In the world of the ancient Andeans, glittering gold played a profound role. The Incas and their ancestors crafted gold into prestige objects such as crowns, masks, ear spools and nose rings that indicated social status, and they used gold for ritual purposes in elite burials and in offerings to deities. The brilliant color of gold was an extremely desirable property, and innovative metallurgical techniques were developed to highlight this feature.

The fascination with gold reached a pinnacle by the time of the Inca Empire (1438 to 1532). The Inca emperor was considered the son of the golden Sun god Inti, whose essence was materialized on earth as gold. A temple complex in Inca Cusco, the Coriconcha, or “Golden Enclosure”, had exterior walls covered by thin sheets of gold, with a brilliance that could be seen from miles away. This complex was filled with a large collection of gold objects, including a garden filled with life-sized gold-covered sculptures of corn stalks and corn cobs.

Tiny quantities of gold are widely distributed on Earth, including in ocean water, but large accumulations tend to occur only in specific places. Mountain ranges are prime locations for gold. The erosive forces of ice and running water eventually break down rocks, freeing the dense metal to wash downhill into rivers and streams. Gold nuggets, plucked from icy streams high in the Andes Mountains, were collected by the ancient Andeans from the earliest times. In the burial of a high-status individual near Lake Titicaca on the modern Peru/Bolivia border, archaeologists recovered a gold necklace crafted approximately 4,000 years ago from gold nuggets that were flattened with a stone hammer and then rolled into beads.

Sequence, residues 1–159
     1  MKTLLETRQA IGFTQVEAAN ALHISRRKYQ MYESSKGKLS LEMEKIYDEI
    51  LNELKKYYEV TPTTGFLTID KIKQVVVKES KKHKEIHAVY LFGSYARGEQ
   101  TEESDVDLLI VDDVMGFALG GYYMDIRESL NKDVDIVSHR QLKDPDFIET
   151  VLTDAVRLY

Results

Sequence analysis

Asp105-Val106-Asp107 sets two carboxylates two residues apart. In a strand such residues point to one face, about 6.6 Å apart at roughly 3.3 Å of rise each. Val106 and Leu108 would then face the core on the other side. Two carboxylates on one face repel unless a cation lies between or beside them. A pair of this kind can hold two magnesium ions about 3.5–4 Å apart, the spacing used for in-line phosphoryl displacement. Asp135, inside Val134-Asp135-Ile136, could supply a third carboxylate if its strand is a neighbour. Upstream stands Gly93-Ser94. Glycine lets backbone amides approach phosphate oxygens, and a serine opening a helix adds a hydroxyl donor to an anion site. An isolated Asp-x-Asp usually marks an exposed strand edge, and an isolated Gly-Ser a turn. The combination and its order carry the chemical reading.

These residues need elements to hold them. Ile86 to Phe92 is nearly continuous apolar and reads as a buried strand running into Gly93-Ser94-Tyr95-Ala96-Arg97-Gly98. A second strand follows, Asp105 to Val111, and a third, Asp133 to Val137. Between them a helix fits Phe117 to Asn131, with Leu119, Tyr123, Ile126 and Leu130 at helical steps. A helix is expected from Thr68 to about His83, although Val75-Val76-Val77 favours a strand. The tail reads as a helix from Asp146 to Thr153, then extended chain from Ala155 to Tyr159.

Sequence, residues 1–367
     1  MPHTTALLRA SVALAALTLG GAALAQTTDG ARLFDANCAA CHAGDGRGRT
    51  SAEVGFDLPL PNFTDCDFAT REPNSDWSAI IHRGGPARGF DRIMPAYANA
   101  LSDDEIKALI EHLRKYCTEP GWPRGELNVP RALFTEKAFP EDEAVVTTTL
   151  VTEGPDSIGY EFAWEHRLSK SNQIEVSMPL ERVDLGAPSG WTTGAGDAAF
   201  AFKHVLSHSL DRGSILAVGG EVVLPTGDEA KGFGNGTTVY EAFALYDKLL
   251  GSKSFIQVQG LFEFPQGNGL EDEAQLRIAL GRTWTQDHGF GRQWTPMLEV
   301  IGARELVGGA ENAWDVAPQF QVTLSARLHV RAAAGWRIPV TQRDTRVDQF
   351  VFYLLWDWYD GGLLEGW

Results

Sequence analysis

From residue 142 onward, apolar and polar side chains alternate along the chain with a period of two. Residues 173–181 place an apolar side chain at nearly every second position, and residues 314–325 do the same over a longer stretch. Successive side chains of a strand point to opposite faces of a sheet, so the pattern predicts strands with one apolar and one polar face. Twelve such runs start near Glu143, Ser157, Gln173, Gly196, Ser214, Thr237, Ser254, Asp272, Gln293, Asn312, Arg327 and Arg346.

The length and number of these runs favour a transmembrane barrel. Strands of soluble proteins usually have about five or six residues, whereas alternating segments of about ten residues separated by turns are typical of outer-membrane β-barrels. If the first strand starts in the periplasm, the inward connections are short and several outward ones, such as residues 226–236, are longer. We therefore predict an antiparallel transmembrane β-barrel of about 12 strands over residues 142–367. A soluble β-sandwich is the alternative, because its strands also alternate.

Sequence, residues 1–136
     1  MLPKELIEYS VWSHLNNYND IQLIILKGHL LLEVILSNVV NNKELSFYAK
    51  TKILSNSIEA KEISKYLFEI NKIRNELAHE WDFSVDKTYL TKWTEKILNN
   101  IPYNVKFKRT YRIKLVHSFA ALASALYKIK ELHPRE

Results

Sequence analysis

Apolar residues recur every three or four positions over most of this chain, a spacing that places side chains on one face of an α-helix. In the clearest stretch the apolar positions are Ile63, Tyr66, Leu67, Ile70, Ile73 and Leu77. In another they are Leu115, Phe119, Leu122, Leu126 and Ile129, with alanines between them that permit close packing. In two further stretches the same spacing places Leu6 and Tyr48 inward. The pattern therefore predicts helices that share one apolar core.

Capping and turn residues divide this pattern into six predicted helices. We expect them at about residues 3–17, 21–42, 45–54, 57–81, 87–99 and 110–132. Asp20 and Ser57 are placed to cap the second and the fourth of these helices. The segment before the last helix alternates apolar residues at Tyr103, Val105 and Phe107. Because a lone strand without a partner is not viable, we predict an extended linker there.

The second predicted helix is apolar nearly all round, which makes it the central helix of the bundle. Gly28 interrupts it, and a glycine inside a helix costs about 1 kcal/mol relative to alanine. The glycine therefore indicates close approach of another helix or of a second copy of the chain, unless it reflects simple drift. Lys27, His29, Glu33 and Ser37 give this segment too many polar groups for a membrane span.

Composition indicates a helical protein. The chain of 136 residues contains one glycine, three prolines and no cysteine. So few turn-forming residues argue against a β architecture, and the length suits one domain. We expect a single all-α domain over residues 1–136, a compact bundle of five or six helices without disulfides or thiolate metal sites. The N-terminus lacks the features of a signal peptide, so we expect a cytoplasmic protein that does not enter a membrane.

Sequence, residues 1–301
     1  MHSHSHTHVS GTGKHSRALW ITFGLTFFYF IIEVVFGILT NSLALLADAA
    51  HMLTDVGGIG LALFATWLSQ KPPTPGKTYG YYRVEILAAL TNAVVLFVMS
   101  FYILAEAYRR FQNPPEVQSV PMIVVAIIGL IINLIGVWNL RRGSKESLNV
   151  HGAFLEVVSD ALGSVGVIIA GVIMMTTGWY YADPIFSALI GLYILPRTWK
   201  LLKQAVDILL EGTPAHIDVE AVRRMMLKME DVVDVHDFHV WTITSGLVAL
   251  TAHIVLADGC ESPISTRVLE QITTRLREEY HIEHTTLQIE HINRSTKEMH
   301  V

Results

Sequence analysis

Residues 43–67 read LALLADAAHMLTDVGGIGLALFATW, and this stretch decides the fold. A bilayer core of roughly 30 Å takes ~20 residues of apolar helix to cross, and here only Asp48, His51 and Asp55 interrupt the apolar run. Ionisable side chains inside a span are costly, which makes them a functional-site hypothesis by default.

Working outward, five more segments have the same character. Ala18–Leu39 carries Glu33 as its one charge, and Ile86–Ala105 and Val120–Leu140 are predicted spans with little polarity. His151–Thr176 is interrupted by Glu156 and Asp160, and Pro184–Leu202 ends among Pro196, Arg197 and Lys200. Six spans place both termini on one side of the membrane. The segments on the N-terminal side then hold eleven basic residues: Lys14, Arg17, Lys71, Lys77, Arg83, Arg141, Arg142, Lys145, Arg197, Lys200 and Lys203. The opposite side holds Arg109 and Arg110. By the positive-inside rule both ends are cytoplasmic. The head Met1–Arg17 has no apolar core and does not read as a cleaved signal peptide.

Some 2,500 years ago the artisans of the Chavín culture specialized in hammering gold into thin sheets and embossing the backs to create a raised relief design on the front. By soldering the sheets together three-dimensional objects were created. The Chavín also recognized that the properties for working gold could be enhanced by intentionally adding silver to form alloys. About 1,800 years ago the Moche culture developed methods for enriching the gold on the surface of an object, called depletion gilding. A copper item could be covered with an alloy of gold-copper-silver and either burned or treated with an acid. Rubbing to remove the oxidized copper from the surface would leave a glowing layer of gold as fine as silk.

Gold changed the trajectory of Andean cultures in 1532 when the Spanish conquistadors marched into the Andes in search of this precious metal. The outcome was devastating. Between the effects of warfare, disease, and enslavement, the cultural legacy that had developed in the Andes over thousands of years was destroyed.

Growing up in northern California, gold lore surrounded my childhood – even a century after the California Gold Rush. Enormous change came to the region after gold was discovered on the American River in 1848. And, like the history that unfolded in the Andes Mountains, the lust for gold devastated the indigenous population and left a legacy of environmental damage that still haunts the landscape today. There are dark sides, as well as bright, to the glitter of gold.


Gold fragments — Photo by Holger Link on Unsplash
Chavín Gold Crown Formative Epoch (circa 1200-300 BCE) Larco Museum Collection, Lima – Wikipedia
Gold Moche necklace with feline faces, (circa 100-700 CE) Larco Museum, Lima – Wikipedia